The Beaty’s have fought the good fight and now it’s time to see if there can be an amicable solution to a situation that was never likely to go their way, no matter how hard they fought.

    1. @The Last Democrat in Georgia In re pine & Peachtree as real estate: driving down our iconic mainstreet, from the outside the shelter looks good, better than iys

    2. @The Last Democrat in Georgia If driving the homeless out of the shelter at Peachtree and Pine were about realizing real estate value in a prime location, driving the absentee owner of the Medical Arts Building, which really and truly has been such a dangerous blight for so long, would be a much more civic and humane target for the attention of those employed to sustain, much less enhance the monetary value, the aesthetic value, and yes the safety of downtown Atlanta and its celebrated mainstreet. The shelter’s building is visually the most appealing along that stretch of Peachtree.

      1. @PeggyPowellDobbins@the

        This is Atlanta, a town that is by developers, for developers. Driving the homeless shelter out of that building could only be about making way for future real estate speculation and redevelopment/development.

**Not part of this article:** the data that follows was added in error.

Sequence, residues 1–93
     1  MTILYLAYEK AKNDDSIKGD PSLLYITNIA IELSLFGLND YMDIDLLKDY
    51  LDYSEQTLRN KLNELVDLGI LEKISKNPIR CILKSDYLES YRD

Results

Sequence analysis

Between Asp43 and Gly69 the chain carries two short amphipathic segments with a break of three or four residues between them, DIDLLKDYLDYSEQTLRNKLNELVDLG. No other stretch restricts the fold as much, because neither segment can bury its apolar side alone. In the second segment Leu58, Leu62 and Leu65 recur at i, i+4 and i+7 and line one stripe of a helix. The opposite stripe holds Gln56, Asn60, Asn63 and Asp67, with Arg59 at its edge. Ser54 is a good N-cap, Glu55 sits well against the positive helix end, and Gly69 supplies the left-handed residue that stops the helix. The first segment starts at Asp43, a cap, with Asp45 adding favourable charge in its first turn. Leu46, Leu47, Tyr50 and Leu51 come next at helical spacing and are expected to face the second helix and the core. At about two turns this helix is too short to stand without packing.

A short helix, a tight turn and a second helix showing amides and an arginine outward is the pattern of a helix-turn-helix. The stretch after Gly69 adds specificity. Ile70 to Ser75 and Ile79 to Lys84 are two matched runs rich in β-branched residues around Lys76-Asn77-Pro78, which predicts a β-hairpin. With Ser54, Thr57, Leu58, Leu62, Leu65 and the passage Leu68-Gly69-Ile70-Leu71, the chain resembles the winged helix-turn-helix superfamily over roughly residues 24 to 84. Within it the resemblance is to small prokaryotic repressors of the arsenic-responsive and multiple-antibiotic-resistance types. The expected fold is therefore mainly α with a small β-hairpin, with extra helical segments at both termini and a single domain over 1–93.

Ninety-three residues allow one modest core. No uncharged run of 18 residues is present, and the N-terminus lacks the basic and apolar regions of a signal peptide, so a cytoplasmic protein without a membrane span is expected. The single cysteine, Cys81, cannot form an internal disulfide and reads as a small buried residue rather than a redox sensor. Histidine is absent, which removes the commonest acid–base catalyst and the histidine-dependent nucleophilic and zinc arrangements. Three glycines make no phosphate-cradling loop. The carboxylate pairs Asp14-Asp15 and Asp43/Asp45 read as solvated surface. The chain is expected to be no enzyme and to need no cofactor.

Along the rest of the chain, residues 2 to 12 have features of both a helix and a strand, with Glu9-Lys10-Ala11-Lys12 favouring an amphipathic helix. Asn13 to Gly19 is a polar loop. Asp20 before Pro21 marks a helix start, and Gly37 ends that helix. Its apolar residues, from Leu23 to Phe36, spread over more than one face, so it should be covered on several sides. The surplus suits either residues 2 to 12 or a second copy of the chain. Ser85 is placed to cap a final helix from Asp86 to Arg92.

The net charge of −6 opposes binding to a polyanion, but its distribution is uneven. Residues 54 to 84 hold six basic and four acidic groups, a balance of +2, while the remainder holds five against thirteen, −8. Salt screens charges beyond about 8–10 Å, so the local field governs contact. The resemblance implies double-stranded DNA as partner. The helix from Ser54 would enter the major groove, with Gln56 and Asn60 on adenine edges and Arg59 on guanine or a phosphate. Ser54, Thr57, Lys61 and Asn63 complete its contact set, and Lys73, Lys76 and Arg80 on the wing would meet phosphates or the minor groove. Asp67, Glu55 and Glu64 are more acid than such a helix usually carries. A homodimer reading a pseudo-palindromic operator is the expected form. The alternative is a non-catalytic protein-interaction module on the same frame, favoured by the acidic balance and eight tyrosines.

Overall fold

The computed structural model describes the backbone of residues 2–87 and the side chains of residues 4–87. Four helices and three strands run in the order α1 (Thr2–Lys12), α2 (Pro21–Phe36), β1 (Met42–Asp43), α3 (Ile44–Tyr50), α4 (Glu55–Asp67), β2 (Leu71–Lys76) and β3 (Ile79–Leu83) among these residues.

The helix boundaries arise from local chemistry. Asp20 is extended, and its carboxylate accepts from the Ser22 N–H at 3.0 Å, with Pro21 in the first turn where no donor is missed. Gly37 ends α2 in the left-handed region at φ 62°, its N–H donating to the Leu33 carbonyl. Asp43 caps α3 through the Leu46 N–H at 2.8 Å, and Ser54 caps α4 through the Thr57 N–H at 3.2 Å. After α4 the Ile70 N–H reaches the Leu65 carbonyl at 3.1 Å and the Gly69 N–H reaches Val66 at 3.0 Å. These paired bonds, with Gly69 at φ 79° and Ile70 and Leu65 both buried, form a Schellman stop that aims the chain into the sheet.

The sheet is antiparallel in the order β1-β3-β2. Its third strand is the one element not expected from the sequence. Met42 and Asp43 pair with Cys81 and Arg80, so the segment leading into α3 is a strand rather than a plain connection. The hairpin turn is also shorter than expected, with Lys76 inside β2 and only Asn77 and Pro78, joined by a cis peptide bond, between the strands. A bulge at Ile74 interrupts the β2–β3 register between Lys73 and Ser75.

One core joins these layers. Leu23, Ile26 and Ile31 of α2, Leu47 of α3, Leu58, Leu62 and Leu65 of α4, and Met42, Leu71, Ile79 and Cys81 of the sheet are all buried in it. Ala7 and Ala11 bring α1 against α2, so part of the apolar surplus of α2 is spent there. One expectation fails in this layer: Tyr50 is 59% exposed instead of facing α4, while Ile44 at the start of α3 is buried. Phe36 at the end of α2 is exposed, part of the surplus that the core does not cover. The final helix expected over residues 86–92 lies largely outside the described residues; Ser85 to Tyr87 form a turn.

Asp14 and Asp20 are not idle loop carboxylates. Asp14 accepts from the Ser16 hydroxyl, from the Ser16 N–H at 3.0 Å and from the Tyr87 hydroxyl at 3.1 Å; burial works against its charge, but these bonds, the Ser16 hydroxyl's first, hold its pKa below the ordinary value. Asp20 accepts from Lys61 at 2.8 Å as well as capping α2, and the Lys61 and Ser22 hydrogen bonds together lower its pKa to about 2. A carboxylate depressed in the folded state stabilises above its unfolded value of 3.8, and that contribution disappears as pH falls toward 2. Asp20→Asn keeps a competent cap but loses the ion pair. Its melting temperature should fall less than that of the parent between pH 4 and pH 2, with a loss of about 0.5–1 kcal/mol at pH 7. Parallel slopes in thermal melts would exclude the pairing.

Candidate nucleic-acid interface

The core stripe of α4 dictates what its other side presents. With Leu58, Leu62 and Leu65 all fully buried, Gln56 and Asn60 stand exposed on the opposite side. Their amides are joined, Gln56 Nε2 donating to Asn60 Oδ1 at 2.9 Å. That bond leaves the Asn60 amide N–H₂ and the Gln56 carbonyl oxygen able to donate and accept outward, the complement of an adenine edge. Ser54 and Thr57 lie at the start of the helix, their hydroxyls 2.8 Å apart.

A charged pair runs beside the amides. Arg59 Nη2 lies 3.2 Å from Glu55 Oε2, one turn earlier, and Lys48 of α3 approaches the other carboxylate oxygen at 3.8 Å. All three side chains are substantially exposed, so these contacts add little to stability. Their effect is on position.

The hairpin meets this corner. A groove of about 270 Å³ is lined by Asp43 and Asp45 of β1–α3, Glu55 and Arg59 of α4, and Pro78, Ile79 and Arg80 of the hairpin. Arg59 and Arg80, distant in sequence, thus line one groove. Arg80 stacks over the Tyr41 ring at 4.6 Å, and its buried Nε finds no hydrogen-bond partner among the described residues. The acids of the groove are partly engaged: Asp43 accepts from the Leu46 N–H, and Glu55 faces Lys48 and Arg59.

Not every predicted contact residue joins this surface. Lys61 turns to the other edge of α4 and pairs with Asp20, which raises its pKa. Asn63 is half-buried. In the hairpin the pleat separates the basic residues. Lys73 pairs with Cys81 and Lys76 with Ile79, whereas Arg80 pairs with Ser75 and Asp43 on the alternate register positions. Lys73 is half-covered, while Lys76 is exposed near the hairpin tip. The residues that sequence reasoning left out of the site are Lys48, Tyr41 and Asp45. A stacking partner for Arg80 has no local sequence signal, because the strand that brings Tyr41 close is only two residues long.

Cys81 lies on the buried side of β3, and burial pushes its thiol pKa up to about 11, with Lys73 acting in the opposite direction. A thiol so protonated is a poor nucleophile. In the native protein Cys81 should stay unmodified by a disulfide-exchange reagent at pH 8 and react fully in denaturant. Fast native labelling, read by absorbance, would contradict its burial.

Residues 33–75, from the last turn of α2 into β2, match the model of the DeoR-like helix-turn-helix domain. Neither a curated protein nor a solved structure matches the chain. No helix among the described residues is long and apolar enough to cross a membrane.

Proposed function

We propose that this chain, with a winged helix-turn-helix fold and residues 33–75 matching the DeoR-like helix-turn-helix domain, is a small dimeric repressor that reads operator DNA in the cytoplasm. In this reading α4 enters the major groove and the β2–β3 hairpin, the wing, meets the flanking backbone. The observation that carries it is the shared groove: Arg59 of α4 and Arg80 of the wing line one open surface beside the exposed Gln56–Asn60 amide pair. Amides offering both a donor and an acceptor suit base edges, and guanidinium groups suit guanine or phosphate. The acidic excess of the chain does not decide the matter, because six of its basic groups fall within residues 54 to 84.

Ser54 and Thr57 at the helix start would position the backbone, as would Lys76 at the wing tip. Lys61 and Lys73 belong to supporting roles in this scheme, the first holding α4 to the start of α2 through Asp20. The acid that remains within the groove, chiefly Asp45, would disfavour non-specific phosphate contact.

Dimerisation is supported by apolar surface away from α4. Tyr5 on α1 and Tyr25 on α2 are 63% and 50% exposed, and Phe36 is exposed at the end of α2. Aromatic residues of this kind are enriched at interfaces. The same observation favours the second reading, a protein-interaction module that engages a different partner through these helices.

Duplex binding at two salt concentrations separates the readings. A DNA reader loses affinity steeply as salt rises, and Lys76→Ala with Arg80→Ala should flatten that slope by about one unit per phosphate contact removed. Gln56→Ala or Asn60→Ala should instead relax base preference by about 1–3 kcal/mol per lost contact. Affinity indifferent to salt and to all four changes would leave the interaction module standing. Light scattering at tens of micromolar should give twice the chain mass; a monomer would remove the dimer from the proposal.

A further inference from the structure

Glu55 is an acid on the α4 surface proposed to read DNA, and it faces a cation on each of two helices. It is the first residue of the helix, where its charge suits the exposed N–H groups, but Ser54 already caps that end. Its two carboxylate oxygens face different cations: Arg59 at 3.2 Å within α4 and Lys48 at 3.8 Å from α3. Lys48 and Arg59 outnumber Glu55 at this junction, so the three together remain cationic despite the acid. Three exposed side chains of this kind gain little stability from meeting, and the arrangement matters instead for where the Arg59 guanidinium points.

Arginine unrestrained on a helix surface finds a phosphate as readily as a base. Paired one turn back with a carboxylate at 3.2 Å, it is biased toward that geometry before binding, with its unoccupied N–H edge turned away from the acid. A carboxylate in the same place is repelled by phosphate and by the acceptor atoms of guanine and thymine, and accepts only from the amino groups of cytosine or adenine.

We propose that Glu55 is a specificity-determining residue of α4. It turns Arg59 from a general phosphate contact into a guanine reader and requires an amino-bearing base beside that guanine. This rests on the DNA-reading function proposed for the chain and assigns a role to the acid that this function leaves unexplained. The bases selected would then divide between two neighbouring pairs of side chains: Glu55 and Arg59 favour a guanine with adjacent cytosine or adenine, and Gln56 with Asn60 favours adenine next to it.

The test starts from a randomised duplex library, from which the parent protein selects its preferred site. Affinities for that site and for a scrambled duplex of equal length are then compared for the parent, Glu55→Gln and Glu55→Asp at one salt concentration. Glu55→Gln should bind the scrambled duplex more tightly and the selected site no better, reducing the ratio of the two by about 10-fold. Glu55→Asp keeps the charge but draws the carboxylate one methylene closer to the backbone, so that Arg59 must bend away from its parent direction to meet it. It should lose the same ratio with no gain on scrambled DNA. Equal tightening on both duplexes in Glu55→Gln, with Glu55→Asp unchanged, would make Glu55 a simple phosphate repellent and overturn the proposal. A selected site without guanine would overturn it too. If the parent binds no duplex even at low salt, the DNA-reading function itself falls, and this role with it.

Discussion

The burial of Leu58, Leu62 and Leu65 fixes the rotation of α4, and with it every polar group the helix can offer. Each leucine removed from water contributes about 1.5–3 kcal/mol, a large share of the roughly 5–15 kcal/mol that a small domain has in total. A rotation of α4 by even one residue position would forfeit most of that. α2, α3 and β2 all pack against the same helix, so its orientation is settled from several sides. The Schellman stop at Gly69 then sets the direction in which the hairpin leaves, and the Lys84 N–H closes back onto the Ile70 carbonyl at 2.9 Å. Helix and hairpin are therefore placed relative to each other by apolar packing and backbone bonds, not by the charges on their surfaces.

It’s no secret that the shelter sits in a very prime location smack dab in the city’s plans for Atlanta’s version of a “Magnificent Mile”.

        A homeless shelter was no match for the well-financed powers-that-be insatiable thirst for profits.

        1. @ The last democrat in Georgia

          I’m not suggesting that the shelter is not in a prime location, just riffing off your observation to note (admittedly sarcastically) that if “driving the homeless shelter out of that building” were “only .. about making way for future real estate speculation” doing something about the Medical Arts building ( a far bigger blight–and invitation to vagrancy and crime –on the Magnificant Mile) would be a more worthwhile use of the time and resources devoted to closing the shelter at Peachtree and Pine. Suddenly it occurs to me that “driving the homeless shelter out of that building could only be” successfully marketed in the name of “making way for future real estate speculation.” Driving the homeless people it shelters out of sight is, I contend, the stronger driving force, a force that is emotional and mean spirited. I cite it again, because blindness to this may be worse than blindness to the poor.

  7. Maria- This is the most balanced, accurate assessment I have ever read of a very troubling situation that endangers lives of homeless every day.